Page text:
For the first 6 years of my adult life (21 forward), I lived with roommates in apartments and rental houses paying 300-400 a month for my share in housing. Then at some point, I decided I needed to own a home and my housing expenses doubled. My husband and I bought one, we were both making good money at our jobs and I figured we could afford the place if one of us lost our jobs. Both of us lost our jobs.
I could go through all the things we did to try and save our house, we had two roommates, cut every imaginable expense. But when it came right down to it, we bought in good times expecting them to continue and for us to both continue working, the good times ended, we are in a great recession. And like many American’s today, we can’t keep our house.
When I was laid off again from the job that would have allowed us to modify our mortgage. I cried for a day. Then I let go of the house in my mind. A huge load was off. I stopped crying. I am sure it helps that so many others are doing it, that I know first hand others are doing it because I work in bankruptcy law, and that I know how because I work in that field. There are multiple options for letting go of an underwater house. I think the simplest in our area, is just giving the house back to the mortgage company.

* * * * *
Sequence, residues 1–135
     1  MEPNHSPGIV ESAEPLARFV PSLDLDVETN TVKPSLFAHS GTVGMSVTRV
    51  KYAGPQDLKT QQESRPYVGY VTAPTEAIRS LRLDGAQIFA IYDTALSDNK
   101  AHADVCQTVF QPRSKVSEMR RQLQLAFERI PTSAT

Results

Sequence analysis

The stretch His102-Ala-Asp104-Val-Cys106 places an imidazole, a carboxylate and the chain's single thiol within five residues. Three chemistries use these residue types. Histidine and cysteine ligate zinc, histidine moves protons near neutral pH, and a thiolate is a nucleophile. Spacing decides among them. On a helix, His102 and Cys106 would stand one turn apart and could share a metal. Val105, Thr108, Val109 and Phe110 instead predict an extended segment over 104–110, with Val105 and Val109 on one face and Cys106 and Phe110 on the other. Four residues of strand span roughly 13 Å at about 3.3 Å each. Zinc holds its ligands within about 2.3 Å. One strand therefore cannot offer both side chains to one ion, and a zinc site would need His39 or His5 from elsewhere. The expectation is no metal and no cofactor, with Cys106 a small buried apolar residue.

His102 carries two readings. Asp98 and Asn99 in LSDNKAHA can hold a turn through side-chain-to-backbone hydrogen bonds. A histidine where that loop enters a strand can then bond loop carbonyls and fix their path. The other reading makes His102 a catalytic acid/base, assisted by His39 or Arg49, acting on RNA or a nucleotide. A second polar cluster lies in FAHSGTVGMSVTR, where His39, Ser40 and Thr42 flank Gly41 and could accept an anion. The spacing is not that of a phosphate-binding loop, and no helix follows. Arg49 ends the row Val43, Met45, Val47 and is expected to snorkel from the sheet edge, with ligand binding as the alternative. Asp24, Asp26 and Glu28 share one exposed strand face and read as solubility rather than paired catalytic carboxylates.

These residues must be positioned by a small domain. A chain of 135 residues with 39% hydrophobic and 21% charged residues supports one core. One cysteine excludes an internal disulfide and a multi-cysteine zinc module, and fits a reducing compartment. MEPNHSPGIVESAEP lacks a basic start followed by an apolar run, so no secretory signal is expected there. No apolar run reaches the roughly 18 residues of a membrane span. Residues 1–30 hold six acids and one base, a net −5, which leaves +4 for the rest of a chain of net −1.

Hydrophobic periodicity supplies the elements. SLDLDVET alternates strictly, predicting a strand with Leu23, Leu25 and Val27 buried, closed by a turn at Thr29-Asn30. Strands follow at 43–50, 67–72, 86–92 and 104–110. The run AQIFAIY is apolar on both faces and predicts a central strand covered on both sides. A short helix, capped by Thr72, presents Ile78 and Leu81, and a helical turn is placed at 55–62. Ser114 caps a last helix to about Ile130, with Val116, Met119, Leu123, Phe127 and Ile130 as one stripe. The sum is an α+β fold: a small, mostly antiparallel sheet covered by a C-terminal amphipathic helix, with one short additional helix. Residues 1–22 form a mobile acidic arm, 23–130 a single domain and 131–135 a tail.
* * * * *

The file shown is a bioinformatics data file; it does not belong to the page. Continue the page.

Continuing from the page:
I think my personal downsizing story is kinda sad, but I am writing about it to give people hope. One of our roommates was too broke to continue living with us and moved in with his girlfriend because both their hours were cut at work. However, our other roommate wanted to move with us. We found a cute rental duplex that was a bunch cheaper and still has plenty of room. Its closer to public transportation, the little downtown art community, and the library. I am returning to my pre-mortgage life of about $300-400 of housing expenses per person, and it is freeing my life up so much.
And good news folks, my boss that had to recently lay me off, found me a new job! I interviewed for it and a I start in January. It wouldn’t have been enough or in time to save my mortgage, but it will mean I can comfortably begin to regrow our emergency fund, and actually start saving for retirement.
Sometimes endings signal new beginnings. And this is definitely one of those times.